Construction has been surprisingly resilient in 2022 but according to data collected and analysed by the Building Cost Information Service (BCIS), total construction output has only just reached pre-pandemic levels, largely driven by growth in the repair and maintenance sector – but new work output is still below 2019 levels.

High energy-use components, including steel, concrete, and plasterboard, as well as specialist labour, are expected to continue to experience inflationary pressures until the energy crisis is abated, while construction businesses are going bust at their fastest rate in a decade.

The good news is that price increases now appear to be slowing, suggesting we are past the peak of inflation.

But the outlook for construction continues to be challenging for the immediate future, with BCIS forecasting that new work output in the construction industry will not reach pre-pandemic levels until 2027. That’s almost eight years of no real growth in the sector.

The Glenigan Construction Industry Forecast 2023 -2024 has also identified the headwinds we face including stalled UK economic growth, the disruption to UK business revenues, and declining confidence curbing private sector investment growth.

As far as housebuilding goes, in their view, weak real earnings growth, together with higher interest and mortgage rates, will check housing market turnover and dampen private house building activity over the next two years.

Public sector spending restraint will limit public sector investment and curb construction activity in areas such as health and education but the government will seek to accelerate the delivery of new infrastructure projects and lift overall civil engineering activity.

Given this uncertain economic backdrop, let us turn to the key dilemmas facing construction clients. First whether to build at all right now, or to delay investment until the economic and political landscape is less uncertain.

And second, if deciding to press ahead with a development, how should clients procure their project or pipeline of work. Should they be lured by the short-term view and the current buyer’s-market to base their procurement on what is the cheapest price right now.

Or should they take the value-based, longer-term approach to development, working collaboratively, transparently, fairly, and creatively with their advisers, partner consultants, contractors, and deliver value-based not price-based outcomes despite the challenging circumstances.

This is where the two latest publications from CESW can play their part. First, the Client Advisor Guide. This makes the case for timely, insightful professional advice for clients at the beginning of a project, including confronting the fundamental question of whether to proceed or delay. Or even maybe advising achieving business objectives in other ways such as changing internal organisational structures, working practices and processes, or making better use of existing built assets.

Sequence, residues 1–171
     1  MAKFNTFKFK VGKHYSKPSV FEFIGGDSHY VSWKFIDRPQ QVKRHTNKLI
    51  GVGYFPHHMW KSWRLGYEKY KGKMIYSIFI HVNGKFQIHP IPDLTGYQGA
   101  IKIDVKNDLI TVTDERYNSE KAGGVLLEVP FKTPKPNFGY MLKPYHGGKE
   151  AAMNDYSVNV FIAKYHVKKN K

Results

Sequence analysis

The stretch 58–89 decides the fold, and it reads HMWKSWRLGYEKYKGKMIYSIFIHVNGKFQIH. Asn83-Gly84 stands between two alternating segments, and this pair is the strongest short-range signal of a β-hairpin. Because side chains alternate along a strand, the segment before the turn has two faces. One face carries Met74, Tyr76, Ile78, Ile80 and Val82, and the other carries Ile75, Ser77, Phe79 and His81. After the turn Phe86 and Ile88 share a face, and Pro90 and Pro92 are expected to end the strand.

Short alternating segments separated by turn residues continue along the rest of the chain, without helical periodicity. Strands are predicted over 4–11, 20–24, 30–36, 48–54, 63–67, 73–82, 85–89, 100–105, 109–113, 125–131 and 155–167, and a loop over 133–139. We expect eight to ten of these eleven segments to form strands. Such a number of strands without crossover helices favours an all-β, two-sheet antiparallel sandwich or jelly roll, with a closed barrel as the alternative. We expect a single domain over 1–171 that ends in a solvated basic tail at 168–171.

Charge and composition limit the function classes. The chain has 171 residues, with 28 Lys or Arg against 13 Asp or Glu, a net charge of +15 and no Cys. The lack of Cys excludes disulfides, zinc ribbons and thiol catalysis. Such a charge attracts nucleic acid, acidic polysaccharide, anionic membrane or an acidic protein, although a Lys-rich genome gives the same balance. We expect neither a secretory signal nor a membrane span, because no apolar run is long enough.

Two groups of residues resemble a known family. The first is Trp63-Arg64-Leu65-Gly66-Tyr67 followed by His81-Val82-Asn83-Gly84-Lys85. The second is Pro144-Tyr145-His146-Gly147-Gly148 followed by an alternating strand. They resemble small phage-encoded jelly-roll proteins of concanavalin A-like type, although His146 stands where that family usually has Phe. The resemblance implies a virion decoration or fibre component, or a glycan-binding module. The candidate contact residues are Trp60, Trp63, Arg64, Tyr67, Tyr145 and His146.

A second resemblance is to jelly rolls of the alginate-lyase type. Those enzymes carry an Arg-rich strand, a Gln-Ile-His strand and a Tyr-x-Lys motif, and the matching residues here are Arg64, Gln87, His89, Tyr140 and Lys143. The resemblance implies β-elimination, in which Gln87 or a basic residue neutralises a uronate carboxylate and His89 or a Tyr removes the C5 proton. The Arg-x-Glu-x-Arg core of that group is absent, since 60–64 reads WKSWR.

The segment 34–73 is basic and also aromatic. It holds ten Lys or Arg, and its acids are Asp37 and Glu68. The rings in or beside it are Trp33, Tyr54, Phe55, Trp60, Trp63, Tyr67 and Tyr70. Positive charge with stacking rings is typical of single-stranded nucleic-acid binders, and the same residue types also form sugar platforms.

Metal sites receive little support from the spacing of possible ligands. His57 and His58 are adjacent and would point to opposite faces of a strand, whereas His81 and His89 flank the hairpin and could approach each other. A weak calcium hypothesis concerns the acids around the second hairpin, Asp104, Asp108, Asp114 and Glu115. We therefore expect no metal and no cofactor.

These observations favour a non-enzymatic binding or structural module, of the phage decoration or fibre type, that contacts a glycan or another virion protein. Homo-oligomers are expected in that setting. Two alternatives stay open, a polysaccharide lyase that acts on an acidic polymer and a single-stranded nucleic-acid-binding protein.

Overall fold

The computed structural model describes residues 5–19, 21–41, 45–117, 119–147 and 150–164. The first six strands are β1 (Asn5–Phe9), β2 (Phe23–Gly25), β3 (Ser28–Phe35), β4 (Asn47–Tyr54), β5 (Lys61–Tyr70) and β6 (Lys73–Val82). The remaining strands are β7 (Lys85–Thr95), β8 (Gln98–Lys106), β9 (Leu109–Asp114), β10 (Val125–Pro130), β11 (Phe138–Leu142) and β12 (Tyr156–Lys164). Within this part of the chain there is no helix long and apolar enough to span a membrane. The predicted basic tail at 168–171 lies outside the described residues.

Having decided to proceed and build, clients need to work with their trusted advisers referring to the CESW publication, the Enlightened client’s journey to quality and compliance, which aims to capture what enlightened clients can do to chieve an exemplary standard of quality and compliance – even during challenging economic and market conditions.

Whatever your standpoint as a client and how you and your construction partners address these dilemmas, we wish you a Successful 2023, whatever it brings.

Happy New Year and welcome to the first update of 2023!

As many of you will already know, I have taken up the post of Interim CEO and very much look forward to driving a fresh direction alongside the excellent and well-established board of directors.

I have been involved with Constructing Excellence since 2010 at both club (as Chair) and regional level (Board member and Leadership Council Chair), I have built up a good understanding of the inner workings of the organisation and will be further drawing on my involvement from right across the construction, infrastructure, engineering, development, and technology sectors. This knowledge will certainly help us as we tackle the agreed direction of “Brave Movements” by needing to reset, re-evaluate and restructure our future direction by ensuring that our membership offering sits at the heart of everything we do and is of the best value available for a not-for-profit representing body within the Construction Sector.

As we quickly enter 2023, I can’t remember a time where the construction sector has been more ready to being reconfigured, the opportunity to deliver construction in a better way is upon us. The need for disruption and innovation, together with creativity and the desire to be straightforward and collaborative is now, and CESW will be at the forefront of this “Brave Movement”.

I look forward to keeping you updated on CESW’s progress and thank you for your continuing support.

Kevin Harris

Interim CEO

What the New Year brings to you will depend a great deal on what you bring to the new year.” Vern McLellan

Well here we are, a new year, 2023 already!

2022 seems to have been quite a full on year for everyone so what lessons have been learnt? What are you going to do differently?

No doubt we will all face challenges and obstacles over the course of this year. The construction industry doesn’t stand still and certainly keeps us on our toes however, mindset and how we approach these tests from the benefit of experience will be key to our success in overcoming them.

Constructing Excellence has long been promoting collaborative working and procuring on value, with last year’s Leadership Dinner Series proving there is some great work being done alongside a real appetite and commitment to do more. The question therefore, is what are you going to do and bring to this year to improve on 2022 and increase your chances of success in 2023?

Hopefully the above will include attending more CE events!

Wishing you all a happy and prosperous New Year.